Lauren, for example, remained close with her ex, Ryan, after she and Mike started dating. Although Lauren and Ryan couldn’t make their relationship work, they still enjoyed each other’s company and considered themselves friends. Lauren would talk to Mike about Ryan, and it upset Mike because he didn’t think it was appropriate for her to remain friends with an ex. In fact, Mike became so upset, he raised his voice and told Lauren that he wanted her to stop talking to Ryan altogether. Because Lauren loved Mike, she took his perspective into account and tried to avoid doing things with her ex. However, one day Ryan stopped by Lauren’s work unannounced and offered to take her out for lunch. Lauren went to lunch with Ryan because she wanted to catch up with her friend.

Not only do people sometimes fail to live up to their partner’s expectations, but under certain circumstances, people often conceal what they’ve done. People sometimes conceal the truth because they are ashamed of their own behavior, or they want to avoid punishment, or they don’t want to hurt their partner’s feelings, or they simply don’t want to have a long, dragged-out conversation about the issue. For example, when Lauren occasionally sees Ryan, she conceals it from Mike because she feels bad about what she’s done; she doesn’t want to hurt Mike’s feelings; and she doesn’t want to spend hours talking about the issue with him.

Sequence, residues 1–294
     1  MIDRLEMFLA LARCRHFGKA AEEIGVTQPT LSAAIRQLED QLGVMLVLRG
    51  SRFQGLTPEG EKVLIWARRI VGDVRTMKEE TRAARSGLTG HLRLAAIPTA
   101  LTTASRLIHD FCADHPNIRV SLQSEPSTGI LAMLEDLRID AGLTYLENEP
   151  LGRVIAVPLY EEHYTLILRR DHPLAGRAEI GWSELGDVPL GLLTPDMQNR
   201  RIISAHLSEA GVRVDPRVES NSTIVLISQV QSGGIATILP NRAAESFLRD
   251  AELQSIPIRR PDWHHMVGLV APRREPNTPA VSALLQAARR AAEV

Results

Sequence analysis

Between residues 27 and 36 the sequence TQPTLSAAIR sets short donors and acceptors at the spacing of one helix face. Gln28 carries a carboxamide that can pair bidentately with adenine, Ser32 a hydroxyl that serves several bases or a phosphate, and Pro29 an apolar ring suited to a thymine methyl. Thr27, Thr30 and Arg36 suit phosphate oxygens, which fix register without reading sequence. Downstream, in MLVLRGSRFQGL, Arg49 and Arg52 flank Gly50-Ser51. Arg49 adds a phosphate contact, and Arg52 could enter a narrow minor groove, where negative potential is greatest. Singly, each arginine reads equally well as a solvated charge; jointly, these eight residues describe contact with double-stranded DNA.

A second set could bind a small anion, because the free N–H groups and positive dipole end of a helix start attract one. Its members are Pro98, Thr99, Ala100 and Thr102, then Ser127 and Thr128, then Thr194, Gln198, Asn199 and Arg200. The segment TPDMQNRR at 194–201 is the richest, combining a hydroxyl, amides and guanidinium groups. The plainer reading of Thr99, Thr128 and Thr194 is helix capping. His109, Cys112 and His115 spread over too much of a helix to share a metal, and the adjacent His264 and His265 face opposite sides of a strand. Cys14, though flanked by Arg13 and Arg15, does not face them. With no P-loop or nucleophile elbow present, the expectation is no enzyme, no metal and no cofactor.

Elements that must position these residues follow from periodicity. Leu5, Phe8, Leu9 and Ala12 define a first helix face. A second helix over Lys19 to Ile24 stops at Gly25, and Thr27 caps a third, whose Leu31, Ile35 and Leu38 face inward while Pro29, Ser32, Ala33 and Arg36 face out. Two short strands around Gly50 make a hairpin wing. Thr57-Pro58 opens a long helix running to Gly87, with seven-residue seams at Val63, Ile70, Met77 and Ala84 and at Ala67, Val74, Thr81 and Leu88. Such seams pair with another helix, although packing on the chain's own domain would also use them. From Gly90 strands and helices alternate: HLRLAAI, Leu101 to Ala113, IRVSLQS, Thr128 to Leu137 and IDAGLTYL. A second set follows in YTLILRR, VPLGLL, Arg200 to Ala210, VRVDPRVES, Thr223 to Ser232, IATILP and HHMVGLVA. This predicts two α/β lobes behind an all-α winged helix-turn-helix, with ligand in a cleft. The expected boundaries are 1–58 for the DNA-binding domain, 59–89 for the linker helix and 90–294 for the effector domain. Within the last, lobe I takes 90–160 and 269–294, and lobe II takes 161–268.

When people fear that the truth might lead to a negative outcome, especially a partner’s disapproval and even punishment, telling the truth becomes a less attractive option. Fear is a powerful emotion—fear of hurting a partner’s feelings, fear of getting into trouble, and fear of damaging a relationship.